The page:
Photos and text by Voicu Mihnea Simandan
Ayutthaya is one of my favorite places in Thailand, located about 70 km north of Bangkok. I have been there on several occasions and I never get bored of it. On a very recent day-trip to Ayutthaya, I stopped at Bang Pa-In Palace, located in Bang Pa-In District, about 10 kilometers away from the city of Ayutthaya.
The palace dates back from the rein of King Chulalongkorn (Rama V) and was built between 1872-1889.
The security is quite tight as the palace is occasionally used by Their Majesties the King and Queen of Thailand as a residence and for holding receptions and banquets.
King Prasart Thong Shrine holds the statue of King Prasart Thong. It was built during 1872-1876.
Aisawan-Shipaya-Asana Pavilion is located in the middle of a pond on the palace grounds. It was built between 1872-1876.
Varobhas Bimarn Residential Hall used to function as a throne hall. It was completed in 1872 and renovated into a one-story building in1885.
Uthayan Phumisathian Residential Hall is considered the principal building in the palace. It was completed in 1877.
Wehart Chamrun Residential Hall was built in Chinese architecture and took 10 years to build. It was completed in 1889.
The Nine-Chamber Mansion is a large colonial-style building located behind Wehart Chamrun Residential Hall.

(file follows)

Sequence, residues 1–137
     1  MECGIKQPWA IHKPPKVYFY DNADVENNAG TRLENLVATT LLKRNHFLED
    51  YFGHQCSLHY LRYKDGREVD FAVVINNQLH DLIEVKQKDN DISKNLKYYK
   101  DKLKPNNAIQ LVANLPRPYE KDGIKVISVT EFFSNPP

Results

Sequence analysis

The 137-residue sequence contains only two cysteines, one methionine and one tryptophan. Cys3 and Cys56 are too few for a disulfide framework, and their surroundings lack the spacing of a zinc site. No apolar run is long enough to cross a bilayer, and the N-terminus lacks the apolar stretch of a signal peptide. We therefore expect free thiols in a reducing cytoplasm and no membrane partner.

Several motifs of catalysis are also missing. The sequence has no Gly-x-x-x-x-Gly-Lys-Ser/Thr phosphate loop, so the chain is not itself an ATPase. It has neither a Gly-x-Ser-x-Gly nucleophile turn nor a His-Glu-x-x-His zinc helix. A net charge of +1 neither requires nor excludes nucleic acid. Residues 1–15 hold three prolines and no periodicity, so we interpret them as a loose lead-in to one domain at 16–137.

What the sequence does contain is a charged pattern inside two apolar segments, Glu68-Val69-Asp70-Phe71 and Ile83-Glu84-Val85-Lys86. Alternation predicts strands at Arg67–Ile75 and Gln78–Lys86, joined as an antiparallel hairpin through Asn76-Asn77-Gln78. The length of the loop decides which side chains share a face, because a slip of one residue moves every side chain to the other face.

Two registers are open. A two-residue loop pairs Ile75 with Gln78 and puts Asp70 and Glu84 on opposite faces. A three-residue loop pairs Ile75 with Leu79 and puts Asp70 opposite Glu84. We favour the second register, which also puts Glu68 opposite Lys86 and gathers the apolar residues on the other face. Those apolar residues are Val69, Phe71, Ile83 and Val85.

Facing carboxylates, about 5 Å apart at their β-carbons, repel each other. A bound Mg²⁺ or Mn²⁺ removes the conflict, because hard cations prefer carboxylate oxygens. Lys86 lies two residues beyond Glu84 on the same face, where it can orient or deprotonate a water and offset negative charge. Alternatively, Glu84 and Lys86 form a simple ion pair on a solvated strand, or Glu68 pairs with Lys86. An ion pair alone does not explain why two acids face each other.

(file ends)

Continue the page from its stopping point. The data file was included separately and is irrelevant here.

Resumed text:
Withun Thasana Tower is a three-storey tower, soaring 30 meters above the palace grounds. A total of 112 steps on a spiral staircase will take you to the top roof, but only the first two floors are open to the public. It was built in 1881.
The Mansion for H.M. Queen Sukhumala Marasri was built in Western architecture.
The Mansion for H.M. Queen Sri Savarindira is surrounded by green vegetation.
The Memorial to H.M. Queen Sunanda Kumariratana honours her death and that of her children in a boat incident on May 31, 1880.
The palace gardens are beautifully decorated with vegetation that looks like animals.
But, don’t be surprised if you see live animals too!
How to get there by car: Both motorways and highways that go to the two airports from Bangkok have exists to Bang Pa-In. Just follow the signs.
Costs involved at the palace:
Car park: 20 baht
Entrance fee for foreigners: 100 baht (brochure included)
Cart rent: 400 baht / hour (100 baht for every extra hour)
Amenities: snacks, soft drinks, coffee, clothes, books, postcards, and souvenirs
What to bring: sunglasses, hat, sun block, umbrella (for both rain and sun!), camera, and plenty of water.
Voicu Mihnea Simandan is a Romanian expat who has been living and working in Thailand since 2002. He is the author of “The Ironman. A Play”, a book for children well-received in educational circles.
6 thoughts on “Bang Pa-In Palace in Ayutthaya Province”
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I will have to go there on my next visit to Thailand it looks beautiful.
Yes, indeed. It’s an amazing place.
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